It’s interesting to note however how multi-platform usage has risen, as this suggests that people are now more comfortable with using social media and are looking to expand their usage to further connect with people and brands.

Facebook Users

It was found that the median amount of friends that users have on Facebook is 155 and when users were asked how many of the people on their list were “actual friends” the number was around 50. It was also found that Facebook users tended to have a wide variety of friends on the network.

  • 93% are Facebook friends with family members other than parents and children
  • 87% are connected to friends from the past, such as school classmates
  • 58% are friends with work colleagues
  • 39% are connected to people that they’ve never met in person

Twitter Users

The research found that 23% of all adult internet users now use Twitter compared to 18% in 2013 and the site is particularly popular with those under 50 with a college education. Since 2013, the site has seen an increase in usage across numerous demographics, especially white males and those aged 65 and over. It’s also seen an increase in usage by those living in households with an annual income of $50,000 or more, college graduates and “urbanites”.

demographics of Twitter users

Interestingly, Google+ wasn’t included in the research; the reason for this could be the lack of active users. A We Are Social report carried out last year found that whilst the site had achieved 1.15bn users, just 35% of these were active on the site on a monthly basis.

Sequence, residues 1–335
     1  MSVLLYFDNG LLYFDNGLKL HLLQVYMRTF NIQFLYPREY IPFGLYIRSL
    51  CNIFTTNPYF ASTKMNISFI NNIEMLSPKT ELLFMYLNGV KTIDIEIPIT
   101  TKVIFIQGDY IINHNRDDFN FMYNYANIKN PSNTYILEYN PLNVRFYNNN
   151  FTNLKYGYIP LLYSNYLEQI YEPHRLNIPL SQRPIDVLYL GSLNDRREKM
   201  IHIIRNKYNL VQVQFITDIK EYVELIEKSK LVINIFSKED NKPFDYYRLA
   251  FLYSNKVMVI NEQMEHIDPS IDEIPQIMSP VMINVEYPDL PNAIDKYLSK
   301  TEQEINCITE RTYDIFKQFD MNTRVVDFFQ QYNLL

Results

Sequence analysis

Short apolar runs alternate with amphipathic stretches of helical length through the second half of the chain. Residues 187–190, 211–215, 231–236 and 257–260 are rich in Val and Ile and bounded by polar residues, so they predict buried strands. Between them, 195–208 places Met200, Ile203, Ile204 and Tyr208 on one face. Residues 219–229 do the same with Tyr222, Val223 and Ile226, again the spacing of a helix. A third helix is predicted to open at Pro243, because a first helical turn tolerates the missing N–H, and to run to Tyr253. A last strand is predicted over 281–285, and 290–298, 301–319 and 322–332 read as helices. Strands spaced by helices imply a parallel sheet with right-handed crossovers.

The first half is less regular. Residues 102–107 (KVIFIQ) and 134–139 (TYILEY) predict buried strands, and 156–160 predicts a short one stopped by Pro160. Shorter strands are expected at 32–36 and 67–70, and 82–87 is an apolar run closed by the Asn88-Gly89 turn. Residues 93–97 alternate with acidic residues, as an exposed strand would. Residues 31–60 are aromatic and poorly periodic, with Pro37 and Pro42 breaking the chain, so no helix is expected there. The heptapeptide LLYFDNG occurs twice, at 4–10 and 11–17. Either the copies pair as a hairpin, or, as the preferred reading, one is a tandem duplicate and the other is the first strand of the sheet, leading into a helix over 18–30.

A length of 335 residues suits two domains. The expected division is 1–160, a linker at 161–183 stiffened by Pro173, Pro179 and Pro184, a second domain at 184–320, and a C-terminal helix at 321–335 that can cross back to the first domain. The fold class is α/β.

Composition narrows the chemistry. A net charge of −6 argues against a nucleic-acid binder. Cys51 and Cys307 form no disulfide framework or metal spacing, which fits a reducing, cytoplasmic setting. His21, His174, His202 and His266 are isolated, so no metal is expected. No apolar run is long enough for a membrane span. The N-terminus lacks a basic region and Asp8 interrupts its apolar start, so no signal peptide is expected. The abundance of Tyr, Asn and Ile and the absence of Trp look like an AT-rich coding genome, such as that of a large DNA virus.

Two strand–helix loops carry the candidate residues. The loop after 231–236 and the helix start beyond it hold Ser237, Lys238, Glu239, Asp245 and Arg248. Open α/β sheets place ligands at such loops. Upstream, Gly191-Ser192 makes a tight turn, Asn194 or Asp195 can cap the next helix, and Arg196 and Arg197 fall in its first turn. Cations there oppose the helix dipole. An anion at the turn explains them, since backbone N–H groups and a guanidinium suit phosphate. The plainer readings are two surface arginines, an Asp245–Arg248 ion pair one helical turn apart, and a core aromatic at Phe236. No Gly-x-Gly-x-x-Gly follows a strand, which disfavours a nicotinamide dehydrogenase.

Despite this, G+ did show a very healthy amount of growth between Q4 2012 and Q4 2013, rising from 359m to 1.15bn. However, it’s difficult to get any accurate stats on the site’s usage as Google automatically sets up an account for anyone that signs up for the company’s other products. Research from Forrester found that G+ usage matched that of Twitter in 2013, so it would be interesting to see the figures for last year.

G+ usage compared to twitter

G+ could have been left out of the research after it was revealed that the head of the project, Vic Gundotra, was leaving and the news that the company was reorganising 1000-1200 staff to move away from G+ and work in other areas. This led to plenty of speculation that the social media platform was in effect, dead. Personally, I still use the site on a daily basis and get a lot more engagement than I do on Facebook, so it’s not quite dead yet. Lots of people really love the photo features on the site too, as well as use Google Hangouts to conduct business meetings and set up webinars.

So for G+ it seems that time will tell.

The research is good news overall for social media marketers, especially with regards to increased multi-platform usage. This gives brands a very real opportunity to further strengthen brand recognition across all of the big platforms. Facebook figures too are positive, especially the news that engagement is increasing, as this negates the idea that marketers should in future ignore the platform.